|Place||Oceania: Australia, Northern Territory, Darwin|
|Measurement||image one: 20 x 30cm; image two: 29.6 x 30cm; sheet; 56 x 76cm|
|Physical description||etching on paper|
|Place made||Australia: New South Wales, Austinmer|
Second World War, 1939-1945
Item copyright: AWM Licensed copyright
Entropy; Fire practice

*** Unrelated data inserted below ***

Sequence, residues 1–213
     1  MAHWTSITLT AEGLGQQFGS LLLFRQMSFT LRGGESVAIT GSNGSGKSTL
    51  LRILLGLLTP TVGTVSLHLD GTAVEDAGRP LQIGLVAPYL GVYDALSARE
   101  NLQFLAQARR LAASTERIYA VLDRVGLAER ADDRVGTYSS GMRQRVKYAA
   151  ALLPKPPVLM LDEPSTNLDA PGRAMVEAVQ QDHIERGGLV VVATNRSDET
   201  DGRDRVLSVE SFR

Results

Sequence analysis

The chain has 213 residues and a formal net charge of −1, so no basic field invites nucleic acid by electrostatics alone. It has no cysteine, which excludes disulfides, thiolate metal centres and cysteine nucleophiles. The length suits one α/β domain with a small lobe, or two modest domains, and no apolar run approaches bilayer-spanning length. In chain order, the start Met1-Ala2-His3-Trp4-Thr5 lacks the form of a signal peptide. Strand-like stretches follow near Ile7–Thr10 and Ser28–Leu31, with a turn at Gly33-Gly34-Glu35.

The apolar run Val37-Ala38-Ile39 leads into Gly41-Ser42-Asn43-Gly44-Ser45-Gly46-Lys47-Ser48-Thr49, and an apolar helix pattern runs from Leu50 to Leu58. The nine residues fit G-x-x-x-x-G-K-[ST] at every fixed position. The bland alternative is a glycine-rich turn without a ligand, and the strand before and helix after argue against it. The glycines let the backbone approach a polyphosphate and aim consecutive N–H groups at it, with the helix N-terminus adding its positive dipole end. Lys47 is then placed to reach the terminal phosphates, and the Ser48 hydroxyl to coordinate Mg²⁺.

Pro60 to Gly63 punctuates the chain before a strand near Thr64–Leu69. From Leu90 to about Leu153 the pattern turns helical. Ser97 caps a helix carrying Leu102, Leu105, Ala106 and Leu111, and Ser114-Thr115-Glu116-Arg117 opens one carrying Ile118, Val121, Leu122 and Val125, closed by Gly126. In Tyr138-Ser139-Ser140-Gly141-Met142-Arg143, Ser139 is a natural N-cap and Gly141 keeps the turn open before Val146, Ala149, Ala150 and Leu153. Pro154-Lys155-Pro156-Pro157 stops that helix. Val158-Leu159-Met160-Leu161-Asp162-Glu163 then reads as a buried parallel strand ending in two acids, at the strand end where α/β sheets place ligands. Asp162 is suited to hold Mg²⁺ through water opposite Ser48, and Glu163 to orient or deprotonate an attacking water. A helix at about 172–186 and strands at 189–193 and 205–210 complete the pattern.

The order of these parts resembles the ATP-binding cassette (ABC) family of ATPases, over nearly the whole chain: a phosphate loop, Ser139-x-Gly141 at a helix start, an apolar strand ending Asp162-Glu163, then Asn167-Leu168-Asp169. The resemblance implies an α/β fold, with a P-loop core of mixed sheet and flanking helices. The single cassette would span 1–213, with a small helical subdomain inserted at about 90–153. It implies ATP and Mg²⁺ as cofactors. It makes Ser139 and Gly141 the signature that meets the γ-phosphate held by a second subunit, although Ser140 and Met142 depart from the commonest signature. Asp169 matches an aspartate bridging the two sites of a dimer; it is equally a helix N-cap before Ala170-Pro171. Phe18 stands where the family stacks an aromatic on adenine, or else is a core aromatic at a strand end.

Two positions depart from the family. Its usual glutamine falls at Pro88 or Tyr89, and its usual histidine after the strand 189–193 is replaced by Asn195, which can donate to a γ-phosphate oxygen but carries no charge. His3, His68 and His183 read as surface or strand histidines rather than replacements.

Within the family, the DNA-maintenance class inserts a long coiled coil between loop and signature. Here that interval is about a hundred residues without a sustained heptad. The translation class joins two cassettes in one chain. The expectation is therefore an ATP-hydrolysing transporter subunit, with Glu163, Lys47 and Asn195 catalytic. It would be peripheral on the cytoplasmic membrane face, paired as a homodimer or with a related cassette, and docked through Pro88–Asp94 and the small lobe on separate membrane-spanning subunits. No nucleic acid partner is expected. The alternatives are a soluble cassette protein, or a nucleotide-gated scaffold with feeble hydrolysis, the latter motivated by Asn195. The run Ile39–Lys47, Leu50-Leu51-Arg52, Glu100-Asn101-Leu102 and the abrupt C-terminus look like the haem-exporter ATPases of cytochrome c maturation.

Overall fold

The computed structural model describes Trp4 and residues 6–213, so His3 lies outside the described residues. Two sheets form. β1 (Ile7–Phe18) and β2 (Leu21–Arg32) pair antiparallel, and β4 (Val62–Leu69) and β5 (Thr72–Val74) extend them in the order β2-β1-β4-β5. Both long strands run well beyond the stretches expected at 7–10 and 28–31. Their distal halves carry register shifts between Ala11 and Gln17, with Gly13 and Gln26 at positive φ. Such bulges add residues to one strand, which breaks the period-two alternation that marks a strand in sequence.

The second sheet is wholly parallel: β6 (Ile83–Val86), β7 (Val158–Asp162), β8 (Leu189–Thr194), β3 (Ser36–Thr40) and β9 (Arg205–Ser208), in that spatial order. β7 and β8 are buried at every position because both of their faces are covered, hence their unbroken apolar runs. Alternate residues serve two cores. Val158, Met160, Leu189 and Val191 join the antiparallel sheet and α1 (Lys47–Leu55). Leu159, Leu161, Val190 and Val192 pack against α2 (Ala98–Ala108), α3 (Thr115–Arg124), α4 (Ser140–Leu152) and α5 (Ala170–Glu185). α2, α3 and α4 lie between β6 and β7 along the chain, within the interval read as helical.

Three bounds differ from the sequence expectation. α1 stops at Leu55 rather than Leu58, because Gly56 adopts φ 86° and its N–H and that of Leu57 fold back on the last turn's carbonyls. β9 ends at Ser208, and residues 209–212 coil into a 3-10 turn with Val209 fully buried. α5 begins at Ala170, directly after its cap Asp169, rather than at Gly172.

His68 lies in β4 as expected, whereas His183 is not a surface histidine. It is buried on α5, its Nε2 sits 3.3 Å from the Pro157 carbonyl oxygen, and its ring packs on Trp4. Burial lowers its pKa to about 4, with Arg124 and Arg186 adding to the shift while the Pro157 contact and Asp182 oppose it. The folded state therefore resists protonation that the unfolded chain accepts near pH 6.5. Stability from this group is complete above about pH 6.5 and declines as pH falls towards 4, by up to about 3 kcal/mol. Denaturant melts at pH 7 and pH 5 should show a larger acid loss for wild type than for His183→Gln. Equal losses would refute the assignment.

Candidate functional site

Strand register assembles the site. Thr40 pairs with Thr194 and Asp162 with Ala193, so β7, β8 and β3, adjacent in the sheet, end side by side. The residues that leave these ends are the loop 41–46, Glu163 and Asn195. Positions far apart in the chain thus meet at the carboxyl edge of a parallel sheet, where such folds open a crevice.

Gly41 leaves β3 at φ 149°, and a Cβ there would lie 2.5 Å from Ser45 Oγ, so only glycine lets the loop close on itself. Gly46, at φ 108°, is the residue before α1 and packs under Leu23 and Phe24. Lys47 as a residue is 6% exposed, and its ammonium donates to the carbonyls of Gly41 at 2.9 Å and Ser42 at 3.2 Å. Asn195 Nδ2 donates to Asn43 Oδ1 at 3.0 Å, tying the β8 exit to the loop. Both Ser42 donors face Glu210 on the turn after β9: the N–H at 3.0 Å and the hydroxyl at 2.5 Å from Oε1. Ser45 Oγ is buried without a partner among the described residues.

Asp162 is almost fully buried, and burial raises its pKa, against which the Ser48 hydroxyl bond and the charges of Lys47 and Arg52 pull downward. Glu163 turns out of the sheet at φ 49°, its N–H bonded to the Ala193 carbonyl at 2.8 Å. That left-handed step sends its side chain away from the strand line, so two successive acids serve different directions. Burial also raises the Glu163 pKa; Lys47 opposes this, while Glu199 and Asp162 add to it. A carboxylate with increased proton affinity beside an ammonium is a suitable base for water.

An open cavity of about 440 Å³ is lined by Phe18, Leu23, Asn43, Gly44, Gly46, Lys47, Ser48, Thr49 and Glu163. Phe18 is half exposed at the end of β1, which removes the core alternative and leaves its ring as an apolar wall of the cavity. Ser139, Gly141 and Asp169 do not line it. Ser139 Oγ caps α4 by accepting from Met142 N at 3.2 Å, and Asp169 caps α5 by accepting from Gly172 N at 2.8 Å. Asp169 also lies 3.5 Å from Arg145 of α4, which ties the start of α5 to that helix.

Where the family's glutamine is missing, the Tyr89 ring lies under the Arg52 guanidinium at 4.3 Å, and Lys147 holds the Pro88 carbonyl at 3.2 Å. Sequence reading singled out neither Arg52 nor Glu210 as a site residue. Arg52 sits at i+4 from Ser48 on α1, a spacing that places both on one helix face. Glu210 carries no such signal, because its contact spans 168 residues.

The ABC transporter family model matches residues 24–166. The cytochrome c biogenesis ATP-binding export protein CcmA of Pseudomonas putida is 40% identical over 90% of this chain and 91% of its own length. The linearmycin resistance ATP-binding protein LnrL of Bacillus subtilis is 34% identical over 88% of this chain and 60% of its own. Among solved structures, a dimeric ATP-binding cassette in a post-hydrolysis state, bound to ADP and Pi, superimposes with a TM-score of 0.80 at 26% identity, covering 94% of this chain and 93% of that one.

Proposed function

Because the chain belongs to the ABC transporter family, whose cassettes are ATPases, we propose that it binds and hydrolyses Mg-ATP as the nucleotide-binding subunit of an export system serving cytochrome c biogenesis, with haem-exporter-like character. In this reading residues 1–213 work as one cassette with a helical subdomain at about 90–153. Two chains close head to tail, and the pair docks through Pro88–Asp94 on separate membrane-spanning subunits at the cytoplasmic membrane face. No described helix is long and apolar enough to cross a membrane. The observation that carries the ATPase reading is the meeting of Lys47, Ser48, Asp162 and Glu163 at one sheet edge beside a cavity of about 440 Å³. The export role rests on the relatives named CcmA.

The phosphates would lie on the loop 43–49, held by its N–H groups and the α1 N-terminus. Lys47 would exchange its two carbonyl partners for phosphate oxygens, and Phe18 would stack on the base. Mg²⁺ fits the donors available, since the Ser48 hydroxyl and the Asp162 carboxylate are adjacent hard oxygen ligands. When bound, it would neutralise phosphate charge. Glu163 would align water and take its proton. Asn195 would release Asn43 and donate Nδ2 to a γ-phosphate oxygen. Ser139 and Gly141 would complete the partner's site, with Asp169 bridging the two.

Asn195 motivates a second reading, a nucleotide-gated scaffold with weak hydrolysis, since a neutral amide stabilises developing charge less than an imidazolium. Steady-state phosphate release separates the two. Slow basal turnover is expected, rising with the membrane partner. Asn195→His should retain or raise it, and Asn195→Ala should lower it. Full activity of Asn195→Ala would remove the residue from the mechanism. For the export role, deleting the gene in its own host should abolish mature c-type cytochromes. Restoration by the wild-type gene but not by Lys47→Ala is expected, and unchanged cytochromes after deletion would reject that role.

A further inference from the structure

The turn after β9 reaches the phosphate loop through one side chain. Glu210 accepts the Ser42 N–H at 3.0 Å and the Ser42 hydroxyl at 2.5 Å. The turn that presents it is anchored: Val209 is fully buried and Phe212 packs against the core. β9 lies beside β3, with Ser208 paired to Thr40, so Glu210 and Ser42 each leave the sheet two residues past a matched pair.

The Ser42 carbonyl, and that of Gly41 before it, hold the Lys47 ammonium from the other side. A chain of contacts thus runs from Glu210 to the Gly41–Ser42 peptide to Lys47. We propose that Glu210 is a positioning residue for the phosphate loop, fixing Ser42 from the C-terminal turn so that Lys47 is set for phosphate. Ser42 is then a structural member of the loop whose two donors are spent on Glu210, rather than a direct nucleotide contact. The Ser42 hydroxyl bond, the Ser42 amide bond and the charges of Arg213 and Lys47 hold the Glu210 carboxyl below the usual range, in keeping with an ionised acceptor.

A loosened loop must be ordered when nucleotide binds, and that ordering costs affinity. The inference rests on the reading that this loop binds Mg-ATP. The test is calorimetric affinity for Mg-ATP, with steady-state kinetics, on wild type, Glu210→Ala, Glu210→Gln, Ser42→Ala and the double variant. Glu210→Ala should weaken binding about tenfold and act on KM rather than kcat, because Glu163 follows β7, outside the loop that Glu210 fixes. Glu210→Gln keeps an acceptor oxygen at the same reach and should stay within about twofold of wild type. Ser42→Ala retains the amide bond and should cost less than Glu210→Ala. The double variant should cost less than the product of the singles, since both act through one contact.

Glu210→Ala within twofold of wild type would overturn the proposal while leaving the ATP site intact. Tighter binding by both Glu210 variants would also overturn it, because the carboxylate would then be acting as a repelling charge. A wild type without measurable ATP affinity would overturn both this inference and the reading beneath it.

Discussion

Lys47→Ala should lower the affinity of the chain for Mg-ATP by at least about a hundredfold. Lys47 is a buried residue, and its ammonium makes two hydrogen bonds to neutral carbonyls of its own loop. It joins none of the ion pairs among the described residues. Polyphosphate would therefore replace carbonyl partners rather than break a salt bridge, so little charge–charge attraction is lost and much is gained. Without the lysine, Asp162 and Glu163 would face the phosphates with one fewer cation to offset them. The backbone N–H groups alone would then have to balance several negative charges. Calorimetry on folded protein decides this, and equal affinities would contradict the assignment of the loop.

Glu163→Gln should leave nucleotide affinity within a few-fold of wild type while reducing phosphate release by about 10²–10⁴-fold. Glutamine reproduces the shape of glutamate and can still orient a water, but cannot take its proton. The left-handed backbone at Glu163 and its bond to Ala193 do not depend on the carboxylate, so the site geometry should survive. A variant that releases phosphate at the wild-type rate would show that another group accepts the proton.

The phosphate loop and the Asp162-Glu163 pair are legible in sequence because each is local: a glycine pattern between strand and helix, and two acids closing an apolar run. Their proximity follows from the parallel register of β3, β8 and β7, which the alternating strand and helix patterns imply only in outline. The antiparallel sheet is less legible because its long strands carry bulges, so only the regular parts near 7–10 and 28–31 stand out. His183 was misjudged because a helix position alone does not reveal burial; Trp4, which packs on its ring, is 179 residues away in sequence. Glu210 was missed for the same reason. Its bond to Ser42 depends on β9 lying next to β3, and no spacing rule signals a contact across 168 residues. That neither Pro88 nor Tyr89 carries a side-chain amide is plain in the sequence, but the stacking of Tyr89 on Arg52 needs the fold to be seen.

Darwin experienced 64 air raids during the course of the second world war. There were several important wartime airfields established in the Northern Territory - Groote Eylandt, Gove and Millingimbi. Artist Bob McRae has investigated several sites of either crashed or wrecked warplanes in the Northern Territory and New South Wales. In his series of etchings he documented many of these sites. McRaw says: "As kids living in Rickdale, NSW, my brother and I would crawl through holes in the wire at Mascot Airport, then through the swamps to explore the wrecked Lincoln Bomber plane which was used for fire practice at the airport. The plane could be entered by portholes. The gun mount and control panels were still moveable and I remember looking through the perspex viewing ports. More often than not, when I mention this to blokes who might have seen it while driving along General Holmes Drive beside the airport, they remember it and confirm that they also had done what I had done - gotten through the wire, hidden when airport cars went past and explored the wreck."